the patience of garlic

I hate it when real life gets in the way of my fantasy life. You know – the one where I make my living as a small scale garlic farmer, maybe opening a donut cart on weekends to make ends meet. A girl can dream, can’t she?
But the reality is that I’ve hit the ground running this fall. My normal design work is kicking back up after a lazy summer lull. I’m taking a couple of online classes at the Minneapolis College of Art and Design (let me tell you, it’s been a long time since I’ve had to follow a syllabus, take quizzes, and turn in homework). We’re in the throes of designing a small new house that will hopefully be built on our land this winter. Which means we’re also in the throes of figuring out how to finance a small new house. Oh, and to add a little more chaos, we’re fostering (read: probably adopting) a rescue dog. Somebody pass me a donut, please.

Earl is a great guy. I can tell you that he has completely won my heart. But Earl is nervous. Very nervous. It’s a crazy world out there, riddled with surprises. Earl will be the first to tell you. So we’re working on this, trying to instill as much calm and stability as we can. And really he is making loads of progress.
I am lucky enough to live within a half mile of a splendid view of Lake Superior, Madeline Island, and on clear days – Michigan’s upper peninsula. Earl and I have made a habit of trudging (this happens pre-coffee) up the hill each morning. And when we get to the top of the hill, we check on the lake to make sure it is still there. Sixteen mornings straight now, it has been there for us. It’s nice to have something you can count on. Ask Earl.
Truthfully though, I go check on the lake for my own sanity as much as anything. My days lately have been frantic and overflowing with things to do. Uncomfortably so, at least for my taste. My morning hike to see the lake is a respite. It wakes me up – literally and figuratively. I take a deep breath in, swallow as much of it as I possibly can, and turn back down the hill towards my day.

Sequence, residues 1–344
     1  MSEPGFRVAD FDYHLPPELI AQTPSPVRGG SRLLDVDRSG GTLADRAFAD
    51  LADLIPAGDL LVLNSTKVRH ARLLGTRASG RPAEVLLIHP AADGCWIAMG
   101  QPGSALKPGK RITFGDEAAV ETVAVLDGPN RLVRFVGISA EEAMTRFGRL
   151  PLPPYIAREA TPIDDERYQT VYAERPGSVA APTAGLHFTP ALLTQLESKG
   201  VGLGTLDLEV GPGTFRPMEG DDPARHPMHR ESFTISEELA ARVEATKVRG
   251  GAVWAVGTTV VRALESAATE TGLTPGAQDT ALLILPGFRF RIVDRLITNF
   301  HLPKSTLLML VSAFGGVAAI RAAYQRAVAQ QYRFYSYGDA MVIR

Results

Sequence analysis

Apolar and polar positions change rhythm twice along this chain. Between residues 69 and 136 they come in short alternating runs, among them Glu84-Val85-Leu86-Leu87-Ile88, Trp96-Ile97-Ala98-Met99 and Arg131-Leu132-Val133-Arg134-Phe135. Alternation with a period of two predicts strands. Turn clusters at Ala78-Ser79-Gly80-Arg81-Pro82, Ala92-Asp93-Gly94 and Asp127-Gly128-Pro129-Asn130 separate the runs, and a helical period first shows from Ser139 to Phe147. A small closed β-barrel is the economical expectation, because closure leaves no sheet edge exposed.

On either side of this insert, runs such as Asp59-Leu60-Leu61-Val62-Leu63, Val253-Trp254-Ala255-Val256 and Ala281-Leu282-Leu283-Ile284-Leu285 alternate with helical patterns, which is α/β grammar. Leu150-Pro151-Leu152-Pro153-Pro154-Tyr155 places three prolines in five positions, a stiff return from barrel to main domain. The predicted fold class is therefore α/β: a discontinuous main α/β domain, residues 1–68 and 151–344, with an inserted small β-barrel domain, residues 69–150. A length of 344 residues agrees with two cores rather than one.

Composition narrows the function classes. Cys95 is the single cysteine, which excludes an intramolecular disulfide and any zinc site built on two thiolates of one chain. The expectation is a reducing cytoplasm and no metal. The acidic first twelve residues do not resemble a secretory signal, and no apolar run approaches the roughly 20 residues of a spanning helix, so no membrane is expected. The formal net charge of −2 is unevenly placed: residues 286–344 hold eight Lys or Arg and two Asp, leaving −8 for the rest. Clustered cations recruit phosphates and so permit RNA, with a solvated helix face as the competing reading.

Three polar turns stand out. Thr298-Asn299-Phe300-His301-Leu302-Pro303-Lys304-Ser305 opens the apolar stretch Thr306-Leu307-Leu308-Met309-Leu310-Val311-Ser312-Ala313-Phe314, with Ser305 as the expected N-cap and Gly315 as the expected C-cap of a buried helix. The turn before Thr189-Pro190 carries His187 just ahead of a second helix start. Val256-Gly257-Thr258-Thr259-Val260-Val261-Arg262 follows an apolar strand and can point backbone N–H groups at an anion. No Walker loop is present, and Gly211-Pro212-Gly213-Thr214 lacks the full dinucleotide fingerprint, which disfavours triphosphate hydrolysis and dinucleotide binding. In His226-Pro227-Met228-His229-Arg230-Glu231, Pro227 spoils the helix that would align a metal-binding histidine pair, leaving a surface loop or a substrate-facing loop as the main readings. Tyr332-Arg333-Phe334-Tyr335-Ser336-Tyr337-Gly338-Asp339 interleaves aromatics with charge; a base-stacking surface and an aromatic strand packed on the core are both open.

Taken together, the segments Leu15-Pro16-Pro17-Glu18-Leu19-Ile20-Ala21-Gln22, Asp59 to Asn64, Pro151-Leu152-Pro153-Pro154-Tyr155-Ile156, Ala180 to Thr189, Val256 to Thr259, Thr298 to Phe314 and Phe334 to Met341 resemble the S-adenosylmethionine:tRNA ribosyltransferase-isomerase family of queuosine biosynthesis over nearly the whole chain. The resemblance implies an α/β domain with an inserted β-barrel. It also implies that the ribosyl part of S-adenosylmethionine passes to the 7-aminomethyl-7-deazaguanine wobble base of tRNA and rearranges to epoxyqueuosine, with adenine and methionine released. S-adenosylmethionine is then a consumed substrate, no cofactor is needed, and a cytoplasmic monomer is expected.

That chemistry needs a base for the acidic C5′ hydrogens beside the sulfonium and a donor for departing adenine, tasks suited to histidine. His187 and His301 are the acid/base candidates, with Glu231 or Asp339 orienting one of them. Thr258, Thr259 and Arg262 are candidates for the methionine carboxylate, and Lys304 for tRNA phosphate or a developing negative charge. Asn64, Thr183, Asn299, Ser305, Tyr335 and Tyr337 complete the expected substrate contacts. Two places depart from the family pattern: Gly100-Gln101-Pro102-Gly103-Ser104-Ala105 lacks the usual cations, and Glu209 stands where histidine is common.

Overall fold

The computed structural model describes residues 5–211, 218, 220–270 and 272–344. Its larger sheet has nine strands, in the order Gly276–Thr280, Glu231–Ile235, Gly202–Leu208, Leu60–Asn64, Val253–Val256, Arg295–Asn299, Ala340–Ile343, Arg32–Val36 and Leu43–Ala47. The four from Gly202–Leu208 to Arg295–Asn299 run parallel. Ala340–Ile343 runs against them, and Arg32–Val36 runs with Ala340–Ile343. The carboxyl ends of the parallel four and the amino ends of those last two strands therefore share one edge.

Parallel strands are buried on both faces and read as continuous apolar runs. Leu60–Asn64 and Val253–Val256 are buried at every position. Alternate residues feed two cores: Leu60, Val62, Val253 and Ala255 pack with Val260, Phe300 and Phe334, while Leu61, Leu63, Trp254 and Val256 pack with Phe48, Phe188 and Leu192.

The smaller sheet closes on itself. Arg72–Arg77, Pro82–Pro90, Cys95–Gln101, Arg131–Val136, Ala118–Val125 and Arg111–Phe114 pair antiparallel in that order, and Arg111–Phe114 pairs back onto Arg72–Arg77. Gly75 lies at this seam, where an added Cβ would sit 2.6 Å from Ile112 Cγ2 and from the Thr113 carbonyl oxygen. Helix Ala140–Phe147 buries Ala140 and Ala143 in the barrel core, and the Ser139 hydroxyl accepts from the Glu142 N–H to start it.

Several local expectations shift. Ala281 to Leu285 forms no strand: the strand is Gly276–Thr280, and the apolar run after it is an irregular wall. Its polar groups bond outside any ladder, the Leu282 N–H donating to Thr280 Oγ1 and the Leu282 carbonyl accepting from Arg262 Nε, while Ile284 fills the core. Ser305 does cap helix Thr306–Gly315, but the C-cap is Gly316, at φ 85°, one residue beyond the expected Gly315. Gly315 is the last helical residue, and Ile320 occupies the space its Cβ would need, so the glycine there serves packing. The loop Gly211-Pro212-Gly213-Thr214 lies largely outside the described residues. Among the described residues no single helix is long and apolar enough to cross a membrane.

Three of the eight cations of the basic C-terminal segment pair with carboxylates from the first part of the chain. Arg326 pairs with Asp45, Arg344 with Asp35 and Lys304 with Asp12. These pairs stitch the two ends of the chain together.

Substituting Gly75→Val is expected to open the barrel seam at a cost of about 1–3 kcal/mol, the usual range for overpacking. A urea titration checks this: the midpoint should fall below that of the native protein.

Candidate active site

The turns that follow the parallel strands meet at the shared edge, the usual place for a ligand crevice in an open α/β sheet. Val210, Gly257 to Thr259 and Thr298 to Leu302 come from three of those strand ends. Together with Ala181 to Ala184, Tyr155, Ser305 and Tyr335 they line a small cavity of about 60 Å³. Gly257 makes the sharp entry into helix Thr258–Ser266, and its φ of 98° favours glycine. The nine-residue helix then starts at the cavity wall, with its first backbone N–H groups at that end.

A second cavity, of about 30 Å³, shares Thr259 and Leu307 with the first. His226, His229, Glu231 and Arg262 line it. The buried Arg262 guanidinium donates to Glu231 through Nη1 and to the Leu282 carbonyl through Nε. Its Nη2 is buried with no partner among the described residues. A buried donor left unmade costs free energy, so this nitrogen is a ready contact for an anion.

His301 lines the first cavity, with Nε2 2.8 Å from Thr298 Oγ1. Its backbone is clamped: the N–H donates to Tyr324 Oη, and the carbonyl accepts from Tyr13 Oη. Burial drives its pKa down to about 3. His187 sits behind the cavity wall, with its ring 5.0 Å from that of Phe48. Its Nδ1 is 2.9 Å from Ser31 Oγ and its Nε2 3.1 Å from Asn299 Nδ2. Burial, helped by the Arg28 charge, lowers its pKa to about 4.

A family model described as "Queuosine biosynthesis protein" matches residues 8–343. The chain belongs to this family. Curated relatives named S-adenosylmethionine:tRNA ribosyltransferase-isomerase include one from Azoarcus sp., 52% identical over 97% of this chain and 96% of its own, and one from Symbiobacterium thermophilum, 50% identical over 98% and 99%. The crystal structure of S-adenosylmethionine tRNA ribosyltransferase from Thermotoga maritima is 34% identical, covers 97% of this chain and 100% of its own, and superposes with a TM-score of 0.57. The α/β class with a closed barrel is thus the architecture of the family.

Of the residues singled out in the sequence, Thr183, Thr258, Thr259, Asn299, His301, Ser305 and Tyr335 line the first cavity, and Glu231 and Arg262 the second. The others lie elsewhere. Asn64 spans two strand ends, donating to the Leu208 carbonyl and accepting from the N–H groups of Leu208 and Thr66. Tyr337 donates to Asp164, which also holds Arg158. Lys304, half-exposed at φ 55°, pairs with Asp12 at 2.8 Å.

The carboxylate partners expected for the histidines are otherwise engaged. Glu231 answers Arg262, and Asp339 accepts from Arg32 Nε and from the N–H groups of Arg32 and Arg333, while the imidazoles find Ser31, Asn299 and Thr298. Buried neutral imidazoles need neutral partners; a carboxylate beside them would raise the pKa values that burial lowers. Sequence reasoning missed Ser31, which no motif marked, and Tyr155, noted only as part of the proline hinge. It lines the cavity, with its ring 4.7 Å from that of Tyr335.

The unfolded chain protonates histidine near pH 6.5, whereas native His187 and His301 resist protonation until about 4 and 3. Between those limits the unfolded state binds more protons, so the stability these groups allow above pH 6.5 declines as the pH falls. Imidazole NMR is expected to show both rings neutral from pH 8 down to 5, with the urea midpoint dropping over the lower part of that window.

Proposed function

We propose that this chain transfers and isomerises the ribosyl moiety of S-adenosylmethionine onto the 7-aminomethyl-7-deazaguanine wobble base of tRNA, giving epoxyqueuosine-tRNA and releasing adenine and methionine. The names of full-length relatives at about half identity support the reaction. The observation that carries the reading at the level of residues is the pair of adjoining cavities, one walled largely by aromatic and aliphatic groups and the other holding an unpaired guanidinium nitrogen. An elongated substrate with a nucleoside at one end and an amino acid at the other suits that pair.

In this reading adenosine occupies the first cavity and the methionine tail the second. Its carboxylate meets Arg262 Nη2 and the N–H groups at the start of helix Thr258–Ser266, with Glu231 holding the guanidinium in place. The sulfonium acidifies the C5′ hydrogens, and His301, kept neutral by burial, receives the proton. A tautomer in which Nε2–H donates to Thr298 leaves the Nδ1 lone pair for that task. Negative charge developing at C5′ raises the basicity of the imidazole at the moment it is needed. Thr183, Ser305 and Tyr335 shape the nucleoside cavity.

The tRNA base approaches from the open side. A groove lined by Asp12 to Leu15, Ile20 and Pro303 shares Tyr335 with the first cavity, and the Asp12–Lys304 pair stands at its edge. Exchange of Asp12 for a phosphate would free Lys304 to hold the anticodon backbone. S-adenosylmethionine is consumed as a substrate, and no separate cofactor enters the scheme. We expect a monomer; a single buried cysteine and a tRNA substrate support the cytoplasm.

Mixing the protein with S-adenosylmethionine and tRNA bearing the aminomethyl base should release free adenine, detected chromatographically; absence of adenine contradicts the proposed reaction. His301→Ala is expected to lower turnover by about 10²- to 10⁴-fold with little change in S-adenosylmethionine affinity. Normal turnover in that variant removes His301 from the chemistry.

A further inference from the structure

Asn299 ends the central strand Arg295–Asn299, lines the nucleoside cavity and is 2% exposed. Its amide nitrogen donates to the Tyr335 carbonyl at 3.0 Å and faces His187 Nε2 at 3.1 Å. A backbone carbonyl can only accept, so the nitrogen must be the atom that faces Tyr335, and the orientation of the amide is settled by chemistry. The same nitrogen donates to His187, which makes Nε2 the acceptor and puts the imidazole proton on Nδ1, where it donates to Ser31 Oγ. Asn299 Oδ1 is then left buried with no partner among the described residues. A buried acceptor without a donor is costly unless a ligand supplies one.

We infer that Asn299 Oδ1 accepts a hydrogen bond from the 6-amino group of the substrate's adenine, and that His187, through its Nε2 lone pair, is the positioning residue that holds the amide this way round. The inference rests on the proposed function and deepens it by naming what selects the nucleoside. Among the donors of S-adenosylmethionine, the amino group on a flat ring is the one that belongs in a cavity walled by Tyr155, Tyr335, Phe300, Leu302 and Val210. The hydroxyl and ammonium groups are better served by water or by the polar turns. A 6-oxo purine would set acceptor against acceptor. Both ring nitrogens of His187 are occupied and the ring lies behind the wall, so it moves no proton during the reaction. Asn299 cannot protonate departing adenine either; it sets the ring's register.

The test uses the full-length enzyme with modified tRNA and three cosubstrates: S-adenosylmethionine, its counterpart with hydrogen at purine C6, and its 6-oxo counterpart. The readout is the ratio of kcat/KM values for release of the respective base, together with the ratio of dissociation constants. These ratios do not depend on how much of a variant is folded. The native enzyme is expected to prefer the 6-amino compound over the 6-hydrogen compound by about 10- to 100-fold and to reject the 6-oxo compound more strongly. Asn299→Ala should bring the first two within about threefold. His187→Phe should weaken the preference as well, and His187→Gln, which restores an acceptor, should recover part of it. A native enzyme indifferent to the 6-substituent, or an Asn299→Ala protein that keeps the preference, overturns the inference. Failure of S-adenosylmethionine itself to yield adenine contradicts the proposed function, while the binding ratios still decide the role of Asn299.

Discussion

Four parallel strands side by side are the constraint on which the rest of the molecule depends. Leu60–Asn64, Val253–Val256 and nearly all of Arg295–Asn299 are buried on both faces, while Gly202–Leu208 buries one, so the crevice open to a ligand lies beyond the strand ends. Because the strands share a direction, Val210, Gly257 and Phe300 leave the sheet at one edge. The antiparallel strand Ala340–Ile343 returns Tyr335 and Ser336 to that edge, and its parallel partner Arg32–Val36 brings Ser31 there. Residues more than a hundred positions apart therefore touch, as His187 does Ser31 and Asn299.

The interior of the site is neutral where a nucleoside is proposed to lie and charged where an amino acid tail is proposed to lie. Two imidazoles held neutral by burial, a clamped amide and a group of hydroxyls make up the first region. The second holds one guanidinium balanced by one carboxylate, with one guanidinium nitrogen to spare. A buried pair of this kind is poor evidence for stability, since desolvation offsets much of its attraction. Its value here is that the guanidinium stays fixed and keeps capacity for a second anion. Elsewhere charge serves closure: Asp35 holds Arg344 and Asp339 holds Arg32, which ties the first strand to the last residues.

On the way back inside, I pass by my shed of curing garlic. I look at is wistfully. It needs to be cleaned, trimmed, sorted, inventoried, and stored. But that’s the nice thing about garlic – it’s patient, it’ll wait. I explain to the garlics that maybe some day I really will be a professional small scale garlic farmer. But for now, they’re going to have to put up with my juggling act. At any rate, when I do get to the garlic, and I will, there is bound to be a surplus. I’d love to share it with you. If you’re interested, drop me a note (here) and I’ll keep you posted on what’s available. In the meantime, breathe in and swallow deeply.

6 Responses to “the patience of garlic”

  1. 1 Pat Juett September 16, 2011 at 1:34 pm

    hey Jill, we will be needing more garlic to make it through the winter and i have some platters and bowls that look lovely with food on them that I would love to trade with.

  2. 3 Kristen Sandstrom September 16, 2011 at 10:23 pm

    Hey Jill, I am definitely game for some of that wonderful garlic! Keep me posted on pricing and so forth. Thanks! Kristen

  3. 5 Wendy K September 17, 2011 at 9:57 pm

    I’m definitely interested in varieties and prices! Is it too far to ship to NY?

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